It goes on to say that "What's really held back residential wind power has been the lack of federal subsidies..." Um, NO, what's really held back residential wind power is a) you can't have a freaking pinwheel jutting thirty feet up in the air in a residential neighborhood, b) they cost, on the low end, over $10,000 for one of them and c) they power up A light bulb!! That is what has held back residential wind power! Not the lack of subsidies! Look at the picture below! That is what has held it back! Would you want that as your next door neighbor? Of course not!! No one would!!
Everyone that was quoted for the article was somehow commercially involved in the wind turbine business. Shocking that they were all very optimistic and enthusiastic about the future of wind as a realistic alternative energy generating source. This has the feel and the smell of the ethanol powered vehicles that were going to be the answer to shedding our dependence on foreign oil. Yep, I think the federal government purchased a fleet of about 190,000 of these vehicles that run on ethanol. The problem is that there are virtually NO ethanol fueling stations anywhere that the cars are. Thus, none of the cars have ever had ethanol in them (yet they were, naturally, more expensive than a regular car than runs on regular gasoline). Oh, and they were supposed to be such a wonderful fuel saver when, in reality, when running on gasoline, the vehicles would get around 24 mpg and when running on ethanol the vehicles would get around 18 mpg. What a great idea. Wow. Who was in charge of THAT debacle? Whoever he/she was, I'm sure they were re-elected.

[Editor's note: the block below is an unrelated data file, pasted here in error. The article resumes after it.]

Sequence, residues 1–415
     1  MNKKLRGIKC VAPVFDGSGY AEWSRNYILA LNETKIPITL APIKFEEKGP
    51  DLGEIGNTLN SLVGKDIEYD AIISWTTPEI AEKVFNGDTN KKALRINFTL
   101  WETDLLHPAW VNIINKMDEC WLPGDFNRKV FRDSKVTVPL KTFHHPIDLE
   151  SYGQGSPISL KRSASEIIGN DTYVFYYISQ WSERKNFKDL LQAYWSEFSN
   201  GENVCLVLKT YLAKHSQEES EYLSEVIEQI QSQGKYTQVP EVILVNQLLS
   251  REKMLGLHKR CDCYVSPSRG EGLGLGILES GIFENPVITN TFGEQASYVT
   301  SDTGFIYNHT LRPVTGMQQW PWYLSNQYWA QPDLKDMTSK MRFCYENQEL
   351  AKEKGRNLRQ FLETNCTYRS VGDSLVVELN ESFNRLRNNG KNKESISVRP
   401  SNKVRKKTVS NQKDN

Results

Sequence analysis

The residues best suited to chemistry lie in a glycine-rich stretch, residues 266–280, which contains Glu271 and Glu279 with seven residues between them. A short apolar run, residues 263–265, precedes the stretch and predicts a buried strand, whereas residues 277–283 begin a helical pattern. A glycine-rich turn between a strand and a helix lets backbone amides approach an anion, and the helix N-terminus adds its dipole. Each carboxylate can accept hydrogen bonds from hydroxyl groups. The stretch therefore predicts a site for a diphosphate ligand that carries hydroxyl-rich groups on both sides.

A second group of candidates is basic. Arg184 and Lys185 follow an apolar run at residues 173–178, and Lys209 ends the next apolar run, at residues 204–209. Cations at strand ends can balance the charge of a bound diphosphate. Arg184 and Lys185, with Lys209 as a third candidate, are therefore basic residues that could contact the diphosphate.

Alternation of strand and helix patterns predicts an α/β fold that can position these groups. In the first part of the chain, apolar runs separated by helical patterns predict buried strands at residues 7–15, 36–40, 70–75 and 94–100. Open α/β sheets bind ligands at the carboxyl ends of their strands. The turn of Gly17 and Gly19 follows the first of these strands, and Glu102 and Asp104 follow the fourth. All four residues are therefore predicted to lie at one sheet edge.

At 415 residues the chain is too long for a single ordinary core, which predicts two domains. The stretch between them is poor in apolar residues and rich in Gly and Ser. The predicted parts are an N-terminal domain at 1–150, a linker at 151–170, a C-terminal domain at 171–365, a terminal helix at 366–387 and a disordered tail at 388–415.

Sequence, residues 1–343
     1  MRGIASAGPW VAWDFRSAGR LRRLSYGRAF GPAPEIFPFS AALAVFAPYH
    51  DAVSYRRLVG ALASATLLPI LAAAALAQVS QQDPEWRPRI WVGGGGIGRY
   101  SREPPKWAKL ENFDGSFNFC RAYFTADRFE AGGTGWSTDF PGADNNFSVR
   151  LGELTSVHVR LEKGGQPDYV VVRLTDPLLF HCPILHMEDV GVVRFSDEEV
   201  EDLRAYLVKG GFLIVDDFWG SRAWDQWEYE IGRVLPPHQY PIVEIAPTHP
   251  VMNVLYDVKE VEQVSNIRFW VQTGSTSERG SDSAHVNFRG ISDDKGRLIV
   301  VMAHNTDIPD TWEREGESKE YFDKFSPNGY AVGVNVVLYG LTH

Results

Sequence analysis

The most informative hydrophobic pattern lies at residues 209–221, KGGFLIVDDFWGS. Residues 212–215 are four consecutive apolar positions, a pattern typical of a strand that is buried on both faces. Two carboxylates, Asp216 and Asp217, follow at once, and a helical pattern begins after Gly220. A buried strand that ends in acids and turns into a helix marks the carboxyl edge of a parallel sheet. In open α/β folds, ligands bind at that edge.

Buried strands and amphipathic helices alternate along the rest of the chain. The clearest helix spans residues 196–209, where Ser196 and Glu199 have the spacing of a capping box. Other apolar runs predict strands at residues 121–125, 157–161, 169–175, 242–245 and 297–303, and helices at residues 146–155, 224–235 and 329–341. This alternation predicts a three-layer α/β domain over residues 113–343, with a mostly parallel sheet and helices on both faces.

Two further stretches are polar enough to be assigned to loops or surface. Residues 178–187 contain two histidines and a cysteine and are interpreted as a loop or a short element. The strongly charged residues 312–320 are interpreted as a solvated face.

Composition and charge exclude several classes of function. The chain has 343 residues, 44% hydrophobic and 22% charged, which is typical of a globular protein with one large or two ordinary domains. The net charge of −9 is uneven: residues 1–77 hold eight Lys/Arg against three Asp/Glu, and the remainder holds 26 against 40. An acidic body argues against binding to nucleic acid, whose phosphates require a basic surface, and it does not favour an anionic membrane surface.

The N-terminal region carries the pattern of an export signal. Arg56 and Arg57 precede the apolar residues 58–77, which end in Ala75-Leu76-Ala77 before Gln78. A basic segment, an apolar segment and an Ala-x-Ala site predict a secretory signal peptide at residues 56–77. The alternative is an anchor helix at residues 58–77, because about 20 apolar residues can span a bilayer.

Wind is not the answer to getting off of the power grid. Wind is not the answer to a low-cost alternative energy source. Wind is not the answer to generating your own power. Wind is just that. It's wind. It would be nice if we could do more with it for residential power needs, but we can't. Get over it. I'm sure that it can be used for plenty of other things that will actually benefit from the wind. I'm not saying stop studying how to harness the powers of the all mighty wind. That's not it. I'm saying stop putting all of this effort into pushing the ridiculously costly and highly inefficient wind turbines for residential homes. All of the hot air that's gone into that could generate more power than all of the wind turbines combined, I have the feeling.
Bottom line? Wind blows.Sphere: Related Content